Many new and familiar faces surface as 367 file for Jersey City Dem committee

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1822

Many new and familiar faces surfaced as 367 candidates filed for the Jersey City Democratic Committee, which Mayor Steven Fulop calls “renewed enthusiasm for getting involved in the political process on a local level.”

Photos courtesy of JCDO.org.
Photos courtesy of JCDO.org.

By John Heinis/Hudson County View

“During the past few months, we have seen a renewed enthusiasm for getting involved in the political process on a local level,” Fulop said in a statement.

“It is encouraging to see so many people recognize the importance of civic involvement. I don’t think we would have seen this type of engagement had it not been for the presidential election in November,” also adding that 150 candidates are brand new.

Also known as the Jersey City Democratic Organization, the Fulop campaign said there is an increased focus on local Democratic parties in wake of Donald Trump, a Republican, being elected president in November.

Not everyone was thrilled with the process or the direction the JCDO is heading: one committee person who is not seeking re-election in June said “some of the most progressive people in the city” were discouraged from staying involved.

“The people removed were some of the most progressive people in the city … they’re filling committee seats left and right Downtown (and no where else),” the committee person said, asking to remain anonymous for fear of political retaliation.

“This has nothing to do with Trump, this is anti-Fulop views, local politics, being suppressed.”

In Ward A, former Freeholder Jeff Dublin and Sonia Dublin (Jeff’s wife), Board of Education Trustee and Vidya Gangadin, Denise Ridley, Barbara Stamato and Nabil Youssef, are among many seeking re-election, according to a committee list prepared by Fulop’s campaign.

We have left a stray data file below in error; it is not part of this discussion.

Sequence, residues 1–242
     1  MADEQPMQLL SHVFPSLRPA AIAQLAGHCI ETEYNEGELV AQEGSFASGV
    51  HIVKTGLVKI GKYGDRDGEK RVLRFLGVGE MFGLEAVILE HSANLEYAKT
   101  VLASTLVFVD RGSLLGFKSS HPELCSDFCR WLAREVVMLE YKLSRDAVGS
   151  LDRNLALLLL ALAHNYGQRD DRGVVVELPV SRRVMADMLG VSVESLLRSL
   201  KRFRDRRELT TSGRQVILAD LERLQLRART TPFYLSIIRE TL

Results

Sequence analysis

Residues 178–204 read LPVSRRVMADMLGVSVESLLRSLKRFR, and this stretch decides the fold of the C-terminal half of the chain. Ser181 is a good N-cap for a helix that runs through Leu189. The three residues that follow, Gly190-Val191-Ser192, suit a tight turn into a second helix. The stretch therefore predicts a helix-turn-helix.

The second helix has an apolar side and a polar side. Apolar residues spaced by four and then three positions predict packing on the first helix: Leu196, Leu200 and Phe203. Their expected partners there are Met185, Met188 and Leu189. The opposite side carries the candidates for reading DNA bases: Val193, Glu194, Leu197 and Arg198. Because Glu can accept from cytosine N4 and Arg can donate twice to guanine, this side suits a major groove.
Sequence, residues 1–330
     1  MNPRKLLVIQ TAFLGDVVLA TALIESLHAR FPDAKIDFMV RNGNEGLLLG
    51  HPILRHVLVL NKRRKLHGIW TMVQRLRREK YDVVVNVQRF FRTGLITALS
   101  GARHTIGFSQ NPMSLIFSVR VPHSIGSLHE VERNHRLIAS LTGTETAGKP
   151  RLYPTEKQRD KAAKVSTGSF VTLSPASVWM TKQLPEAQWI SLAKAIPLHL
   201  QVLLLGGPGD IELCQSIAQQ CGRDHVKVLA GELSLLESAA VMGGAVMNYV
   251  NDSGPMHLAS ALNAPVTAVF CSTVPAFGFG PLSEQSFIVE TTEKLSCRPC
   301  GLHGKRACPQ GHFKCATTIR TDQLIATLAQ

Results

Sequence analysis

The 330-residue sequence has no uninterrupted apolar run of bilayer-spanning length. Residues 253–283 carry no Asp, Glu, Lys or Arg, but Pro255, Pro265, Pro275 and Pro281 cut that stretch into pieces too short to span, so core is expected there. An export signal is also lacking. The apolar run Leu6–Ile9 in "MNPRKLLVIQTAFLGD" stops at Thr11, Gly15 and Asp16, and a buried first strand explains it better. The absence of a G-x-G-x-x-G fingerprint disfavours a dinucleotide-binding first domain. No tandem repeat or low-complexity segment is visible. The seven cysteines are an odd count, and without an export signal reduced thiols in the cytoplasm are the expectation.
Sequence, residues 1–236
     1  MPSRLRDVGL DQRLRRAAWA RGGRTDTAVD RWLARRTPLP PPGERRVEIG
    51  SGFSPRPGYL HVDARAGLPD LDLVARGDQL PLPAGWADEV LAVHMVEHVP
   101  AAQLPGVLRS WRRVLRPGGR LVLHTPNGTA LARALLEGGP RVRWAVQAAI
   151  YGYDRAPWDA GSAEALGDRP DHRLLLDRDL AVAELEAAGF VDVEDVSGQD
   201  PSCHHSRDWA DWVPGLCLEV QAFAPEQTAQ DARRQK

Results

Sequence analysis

Jersey City BOE Vice President Sudhan Thomas is also seeking a committee seat for the first time in Ward A.

Ridley and Gangadin have both been heavily rumored to be a part of Fulop’s re-election team, but the campaign has not yet made an announcement about who will be their Ward A candidate.

Nancy Warlikowski, Fulop’s scheduler and current treasurer of the committee, former Councilman John Hallanan and city spokeswoman Jennifer Morrill are some of the more recognizable names that have filed in Ward B.

Among the most politically active running in Ward C are current JCDC Sergeant-at-Arms and local Department of Public Works official John Lynch, council candidate Rehka Nandwani, former Board of Education Trustee Micheline Amy and District 4 Freeholder candidate Imtiaz Syed.

Nandwani could possible run on Fulop’s council ticket given that Councilman Rich Boggiano will run as an independent, while Syed has an uphill battle for freeholder against Jersey City BOE President Joel Torres – who has the backing of the Hudson County Democratic Organization.

Furthermore, Allison Solowsky, an aide to Fulop, Department of Housing, Economic Development & Commerce Director Anthony Cruz, Hispanic American Commerce Association Secretary Elvin Dominici and Office of Diversity and Inclusion employee Jessica Berrocal-Abdelnabbi are among the most politically active candidates in Ward D.

Meanwhile, Ward E sees known organizer Joshua Parkhurst and Eric Fleming, Fulop’s campaign treasurer, seeking re-election. New Leaders Council Chapter Director Katie Brennan is also seeking a committee seat in the Downtown District.

Finally, Mayor’s Quality of Life Task Force Chair Doug Carlucci, former BOE Trustee Bertram Okpokwasili and current BOE Trustee Angel Valentin are some of the more well-known candidates seeking committee positions in Ward F.

Fulop campaign spokeswoman Hannah Peterson added that the JCDC is running 367 candidates in total, out of possible 372, with at two candidates running in all but five districts (those districts still have one candidate running).

Additionally, opposition candidates have filed in just 24 different districts, according to Peterson.

Democratic committee seats are decided in the June 6 primary election.